EurWORK European Observatory of Working Life

Right to leave the workstation

Definition

The ‘right to leave the workstation’ allows an employee to leave their workstation if they feel threatened, without retaliation from the employer. This right was invoked by many workers in the EU in the context of the 2020 COVID-19 pandemic.

Background and status

The workers’ right to leave their workstation is provided for in Article 8, paragraph 4 of the Directive 89/391/EEC of 12 June 1989, which states that:

workers who, in the event of serious, imminent and unavoidable danger, leave their workstation and/or a dangerous area may not be placed at any disadvantage because of their action and must be protected against any harmful and unjustified consequences, in accordance with national laws and/or practices.

As this is a framework directive, this right also applies to all future individual directives without this right being recalled in each of these texts.

Council of the European Communities: Council Directive 89/391/EEC of 12 June 1989 on the introduction of measures to encourage improvements in the safety and health of workers at work

A similar right is also provided for in ILO Convention number 155. According to Article 13:

A worker who has removed himself from a work situation which he has reasonable justification to believe presents an imminent and serious danger to his life or health shall be protected from undue consequences in accordance with national conditions and practice.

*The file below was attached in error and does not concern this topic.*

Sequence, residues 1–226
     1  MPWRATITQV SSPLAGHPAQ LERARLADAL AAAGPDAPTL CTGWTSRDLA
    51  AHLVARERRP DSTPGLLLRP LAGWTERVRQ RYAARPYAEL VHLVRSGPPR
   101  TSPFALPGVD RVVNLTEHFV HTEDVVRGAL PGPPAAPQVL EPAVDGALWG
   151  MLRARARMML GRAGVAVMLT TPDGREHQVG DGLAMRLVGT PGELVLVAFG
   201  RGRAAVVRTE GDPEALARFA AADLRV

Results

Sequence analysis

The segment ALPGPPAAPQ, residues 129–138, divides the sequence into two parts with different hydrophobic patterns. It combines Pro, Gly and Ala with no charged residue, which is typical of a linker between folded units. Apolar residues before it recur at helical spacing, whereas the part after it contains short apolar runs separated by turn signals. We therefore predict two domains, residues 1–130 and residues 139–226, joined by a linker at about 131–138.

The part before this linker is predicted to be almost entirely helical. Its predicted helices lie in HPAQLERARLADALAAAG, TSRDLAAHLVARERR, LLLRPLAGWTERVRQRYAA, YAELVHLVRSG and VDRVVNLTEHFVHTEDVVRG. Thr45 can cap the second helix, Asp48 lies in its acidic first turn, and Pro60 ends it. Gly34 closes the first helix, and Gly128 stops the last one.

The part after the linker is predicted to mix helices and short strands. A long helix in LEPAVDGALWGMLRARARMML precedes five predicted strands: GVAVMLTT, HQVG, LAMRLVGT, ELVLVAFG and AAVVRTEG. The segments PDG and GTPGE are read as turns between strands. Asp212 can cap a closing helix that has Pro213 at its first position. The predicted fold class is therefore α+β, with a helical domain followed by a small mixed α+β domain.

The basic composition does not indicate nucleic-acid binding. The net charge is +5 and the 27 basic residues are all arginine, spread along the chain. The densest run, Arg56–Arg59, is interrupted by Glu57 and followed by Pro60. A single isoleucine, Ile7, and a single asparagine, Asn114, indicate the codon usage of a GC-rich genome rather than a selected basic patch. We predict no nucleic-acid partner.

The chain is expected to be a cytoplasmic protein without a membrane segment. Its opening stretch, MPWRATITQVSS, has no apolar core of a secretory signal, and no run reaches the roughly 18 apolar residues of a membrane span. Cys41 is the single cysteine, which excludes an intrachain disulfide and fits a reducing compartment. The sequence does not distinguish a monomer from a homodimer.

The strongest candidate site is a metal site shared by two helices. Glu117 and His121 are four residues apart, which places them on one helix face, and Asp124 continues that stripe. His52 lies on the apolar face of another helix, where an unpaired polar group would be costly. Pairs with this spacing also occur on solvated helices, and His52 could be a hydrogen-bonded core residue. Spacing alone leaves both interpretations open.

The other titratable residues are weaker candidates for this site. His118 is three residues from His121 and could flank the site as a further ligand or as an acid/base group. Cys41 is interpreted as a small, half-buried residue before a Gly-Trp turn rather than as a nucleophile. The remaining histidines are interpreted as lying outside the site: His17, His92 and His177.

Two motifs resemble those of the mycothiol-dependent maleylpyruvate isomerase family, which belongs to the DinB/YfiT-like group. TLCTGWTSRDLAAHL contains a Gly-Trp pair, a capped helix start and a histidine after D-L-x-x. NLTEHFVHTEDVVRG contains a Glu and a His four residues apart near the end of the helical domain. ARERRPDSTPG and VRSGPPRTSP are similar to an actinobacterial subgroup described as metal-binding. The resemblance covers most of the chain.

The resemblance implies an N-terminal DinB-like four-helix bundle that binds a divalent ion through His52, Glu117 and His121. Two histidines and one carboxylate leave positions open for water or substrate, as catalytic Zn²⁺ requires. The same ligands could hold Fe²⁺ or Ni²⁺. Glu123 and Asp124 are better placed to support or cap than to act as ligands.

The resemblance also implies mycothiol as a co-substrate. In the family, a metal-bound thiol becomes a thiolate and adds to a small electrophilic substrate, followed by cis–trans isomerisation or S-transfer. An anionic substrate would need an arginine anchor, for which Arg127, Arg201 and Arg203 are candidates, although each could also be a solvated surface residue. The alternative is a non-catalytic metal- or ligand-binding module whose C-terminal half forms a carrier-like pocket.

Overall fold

National legislation

Directive 89/391/EEC has been transposed into all Member States’ law, so the provision of Article 8, paragraph 4 can be found in all national legislation. However, the Court of Justice of the European Union has not issued any judgments on this issue. As a result, a worker’s right to leave their workstation may differ between Member States and national case law may have different levels of detail regarding the extent to which workers may invoke this right.

Transnational agreements

The right to leave the workstation is also included in some international framework agreements. For instance, the Danone–IUF agreement on health, safety, working conditions and stress of 29 September 2011 states that:

in tandem with actions initiated by management, all employees must take care of their personal safety and health, as well as the safety and health of others who might be affected by their actions at work. This means, in particular: the right to leave the workplace in the event of a situation of risk to health and safety and the duty to help find a solution.

Related dictionary terms

enforcement of EU law health and safety international labour standards occupational accidents and diseases protective equipment risk assessment.

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